# How can we choose the right weight to solve multi-objective problem using weighted sum method?

I have a multi-objective problem with three objectives F1, F2, and F3. the problem was formulated as a weighted sum. Now I didn't know how I can choose the right weight for my problem

• Welcome to OR SE. What do you mean by "right weight"?
– prubin
Jul 22, 2022 at 16:12
• the weight that gives us better solution, Because i don't want to find the Pareto front, i want to find only one solution from the Pareto front Jul 22, 2022 at 16:14
• Please clarify your specific problem or provide additional details to highlight exactly what you need. As it's currently written, it's hard to tell exactly what you're asking.
– Community Bot
Jul 22, 2022 at 19:23

I'm going to assume here that bigger is better for all criteria. Let $$x_{a,c}$$ be the score for alternative $$a$$ on criterion $$c,$$ where $$a\in \lbrace 1,\dots,A\rbrace$$ and $$c\in\lbrace 1,\dots,C\rbrace.$$ Any easy way to find a single Pareto-efficient point is to generate a random vector $$w\in (0,1)^C$$ and compute the score $$s_a = \sum_{c=1}^C w_c x_{a,c}$$ for each alternative $$a.$$ The alternative with the highest score is automatically efficient, since any alternative that dominated it would have a higher score.

As far as I know, solving the multi-objective optimization by the weighted sum method should give one of the solutions that already exists on the Pareto non-dominance solution frontier. Let us make a simple example. Suppose, there is a multi-objective problem with only two objects. Named $$Z_1$$ and $$Z_2$$. Now, solving this by a weighted sum and again by $$\epsilon$$-constraints. The results are as follows:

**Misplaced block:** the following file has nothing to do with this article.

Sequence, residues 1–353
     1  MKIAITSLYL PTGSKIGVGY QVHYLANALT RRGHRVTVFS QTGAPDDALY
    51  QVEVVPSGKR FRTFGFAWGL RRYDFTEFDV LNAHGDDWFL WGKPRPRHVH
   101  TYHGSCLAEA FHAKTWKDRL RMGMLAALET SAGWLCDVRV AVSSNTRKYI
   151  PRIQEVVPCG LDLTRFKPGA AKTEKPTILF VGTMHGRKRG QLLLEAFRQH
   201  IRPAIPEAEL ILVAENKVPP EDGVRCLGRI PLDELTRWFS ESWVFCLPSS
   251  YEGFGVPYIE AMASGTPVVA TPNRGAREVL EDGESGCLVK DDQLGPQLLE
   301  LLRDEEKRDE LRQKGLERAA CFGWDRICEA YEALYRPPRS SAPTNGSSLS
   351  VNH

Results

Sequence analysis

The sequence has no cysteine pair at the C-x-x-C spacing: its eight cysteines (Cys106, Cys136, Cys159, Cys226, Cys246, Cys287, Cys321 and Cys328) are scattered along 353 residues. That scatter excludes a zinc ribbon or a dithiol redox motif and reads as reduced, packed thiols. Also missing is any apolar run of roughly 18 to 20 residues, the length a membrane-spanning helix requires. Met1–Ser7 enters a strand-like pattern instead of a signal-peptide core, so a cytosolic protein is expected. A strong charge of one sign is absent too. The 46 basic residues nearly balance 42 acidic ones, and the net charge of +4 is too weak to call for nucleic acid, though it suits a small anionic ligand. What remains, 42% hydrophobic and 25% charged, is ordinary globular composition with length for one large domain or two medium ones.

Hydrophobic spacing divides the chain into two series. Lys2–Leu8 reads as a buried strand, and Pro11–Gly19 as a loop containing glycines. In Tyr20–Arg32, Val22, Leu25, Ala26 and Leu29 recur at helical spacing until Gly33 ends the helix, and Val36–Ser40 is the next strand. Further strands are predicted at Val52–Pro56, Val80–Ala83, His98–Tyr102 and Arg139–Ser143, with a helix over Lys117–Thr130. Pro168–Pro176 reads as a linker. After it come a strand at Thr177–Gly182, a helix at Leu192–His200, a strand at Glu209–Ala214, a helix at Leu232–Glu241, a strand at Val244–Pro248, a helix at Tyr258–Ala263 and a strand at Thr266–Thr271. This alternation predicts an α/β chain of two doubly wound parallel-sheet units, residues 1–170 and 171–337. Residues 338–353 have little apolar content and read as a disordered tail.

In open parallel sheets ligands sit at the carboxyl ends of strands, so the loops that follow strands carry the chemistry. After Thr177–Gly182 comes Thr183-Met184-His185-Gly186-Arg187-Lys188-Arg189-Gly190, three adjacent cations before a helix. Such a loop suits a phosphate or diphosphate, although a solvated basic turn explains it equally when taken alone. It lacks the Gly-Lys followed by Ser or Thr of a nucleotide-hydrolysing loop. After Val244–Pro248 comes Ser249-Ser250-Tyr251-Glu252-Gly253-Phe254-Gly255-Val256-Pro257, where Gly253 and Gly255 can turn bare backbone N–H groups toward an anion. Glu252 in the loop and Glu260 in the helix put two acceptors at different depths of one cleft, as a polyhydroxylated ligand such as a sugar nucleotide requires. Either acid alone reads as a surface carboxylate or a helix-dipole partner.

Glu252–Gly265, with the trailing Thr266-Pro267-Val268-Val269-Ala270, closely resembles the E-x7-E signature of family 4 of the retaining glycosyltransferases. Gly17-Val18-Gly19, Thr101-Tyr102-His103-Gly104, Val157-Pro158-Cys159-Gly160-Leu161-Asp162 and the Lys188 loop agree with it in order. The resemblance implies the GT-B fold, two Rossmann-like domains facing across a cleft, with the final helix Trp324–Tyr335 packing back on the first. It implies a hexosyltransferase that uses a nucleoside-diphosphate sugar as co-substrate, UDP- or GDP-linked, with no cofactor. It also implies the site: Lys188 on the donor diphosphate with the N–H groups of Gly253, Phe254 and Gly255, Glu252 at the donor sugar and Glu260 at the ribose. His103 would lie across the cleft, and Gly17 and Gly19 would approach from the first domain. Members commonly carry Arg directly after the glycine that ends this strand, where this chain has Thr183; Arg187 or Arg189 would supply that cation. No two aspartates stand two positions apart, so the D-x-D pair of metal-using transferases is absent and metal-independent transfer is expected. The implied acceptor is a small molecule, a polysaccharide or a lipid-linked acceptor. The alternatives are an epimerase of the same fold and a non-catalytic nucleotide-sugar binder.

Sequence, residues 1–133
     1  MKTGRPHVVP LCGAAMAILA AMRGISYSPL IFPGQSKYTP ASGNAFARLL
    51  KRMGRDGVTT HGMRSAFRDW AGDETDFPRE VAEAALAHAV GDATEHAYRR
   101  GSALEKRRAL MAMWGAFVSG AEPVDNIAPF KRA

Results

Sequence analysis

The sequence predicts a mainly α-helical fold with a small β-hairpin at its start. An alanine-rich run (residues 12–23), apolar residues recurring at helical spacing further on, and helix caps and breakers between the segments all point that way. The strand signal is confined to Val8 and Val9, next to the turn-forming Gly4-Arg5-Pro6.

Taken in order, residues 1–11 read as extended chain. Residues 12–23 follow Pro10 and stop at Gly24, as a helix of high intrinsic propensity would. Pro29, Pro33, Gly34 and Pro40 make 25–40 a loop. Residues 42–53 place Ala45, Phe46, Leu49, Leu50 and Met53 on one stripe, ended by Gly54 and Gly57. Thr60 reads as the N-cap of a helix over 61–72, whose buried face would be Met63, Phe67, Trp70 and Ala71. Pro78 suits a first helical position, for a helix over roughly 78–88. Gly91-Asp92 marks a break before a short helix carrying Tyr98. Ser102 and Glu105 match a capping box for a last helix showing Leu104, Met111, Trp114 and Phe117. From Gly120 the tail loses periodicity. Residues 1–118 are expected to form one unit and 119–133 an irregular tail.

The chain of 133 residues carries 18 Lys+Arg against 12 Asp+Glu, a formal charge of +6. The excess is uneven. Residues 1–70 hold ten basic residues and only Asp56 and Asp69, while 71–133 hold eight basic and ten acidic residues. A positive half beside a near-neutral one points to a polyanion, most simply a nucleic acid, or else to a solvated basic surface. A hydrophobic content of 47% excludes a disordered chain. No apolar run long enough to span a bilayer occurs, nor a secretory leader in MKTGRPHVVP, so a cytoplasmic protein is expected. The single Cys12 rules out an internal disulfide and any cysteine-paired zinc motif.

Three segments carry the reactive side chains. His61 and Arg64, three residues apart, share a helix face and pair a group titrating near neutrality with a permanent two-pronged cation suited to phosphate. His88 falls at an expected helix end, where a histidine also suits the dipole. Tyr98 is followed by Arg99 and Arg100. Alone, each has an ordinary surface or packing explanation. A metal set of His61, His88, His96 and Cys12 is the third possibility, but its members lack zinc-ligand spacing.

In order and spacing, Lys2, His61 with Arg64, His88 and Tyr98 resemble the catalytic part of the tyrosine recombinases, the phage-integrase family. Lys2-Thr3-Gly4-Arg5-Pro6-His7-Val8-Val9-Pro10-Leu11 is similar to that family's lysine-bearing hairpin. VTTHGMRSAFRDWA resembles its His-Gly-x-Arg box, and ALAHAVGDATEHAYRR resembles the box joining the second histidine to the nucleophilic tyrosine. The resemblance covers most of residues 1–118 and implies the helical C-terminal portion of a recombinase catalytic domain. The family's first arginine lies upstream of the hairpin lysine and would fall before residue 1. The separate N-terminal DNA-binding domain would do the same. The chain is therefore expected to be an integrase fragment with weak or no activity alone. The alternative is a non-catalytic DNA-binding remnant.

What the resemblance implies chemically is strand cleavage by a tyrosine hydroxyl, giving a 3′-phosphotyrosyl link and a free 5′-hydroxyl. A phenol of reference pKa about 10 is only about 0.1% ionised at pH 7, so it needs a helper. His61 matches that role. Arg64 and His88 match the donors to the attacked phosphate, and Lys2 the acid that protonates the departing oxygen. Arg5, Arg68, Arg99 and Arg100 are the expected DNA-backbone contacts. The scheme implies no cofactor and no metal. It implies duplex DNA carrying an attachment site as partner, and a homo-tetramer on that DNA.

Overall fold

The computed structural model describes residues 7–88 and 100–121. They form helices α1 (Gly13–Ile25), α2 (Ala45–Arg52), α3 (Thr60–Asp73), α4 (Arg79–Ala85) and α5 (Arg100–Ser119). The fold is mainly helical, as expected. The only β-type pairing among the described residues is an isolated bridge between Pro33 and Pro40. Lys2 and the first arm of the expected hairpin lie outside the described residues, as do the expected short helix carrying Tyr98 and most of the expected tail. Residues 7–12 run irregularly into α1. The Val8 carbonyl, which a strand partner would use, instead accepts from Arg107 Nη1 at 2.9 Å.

Weighted sum method

• $$Z_1 = 2800$$ and $$Z_2 = 17.9$$ within the arbitrary weights for each objective.

$$\epsilon$$-constraint method with an $$\epsilon = 0.00001$$

• The first solution is: $$Z_1 = 2790$$ and $$Z_2 = 20$$.
• The second solution is: $$Z_1 = 2800$$ and $$Z_2 = 17.9$$.

As you can see, the first method gives the second non-dominance solution. Also, I am not aware of if, there exists any contradiction to that. I hope this will be helpful.

• Yes, of course, the weighted sum method gives only one solution. But the problem is how to choose the weight? Jul 24, 2022 at 11:05
• @charafeddine, please see this link. As I check for some problems with an arbitrary weight the solution (every single objective) is a same. Also, as I said, do not see any contradiction to that. Jul 24, 2022 at 12:21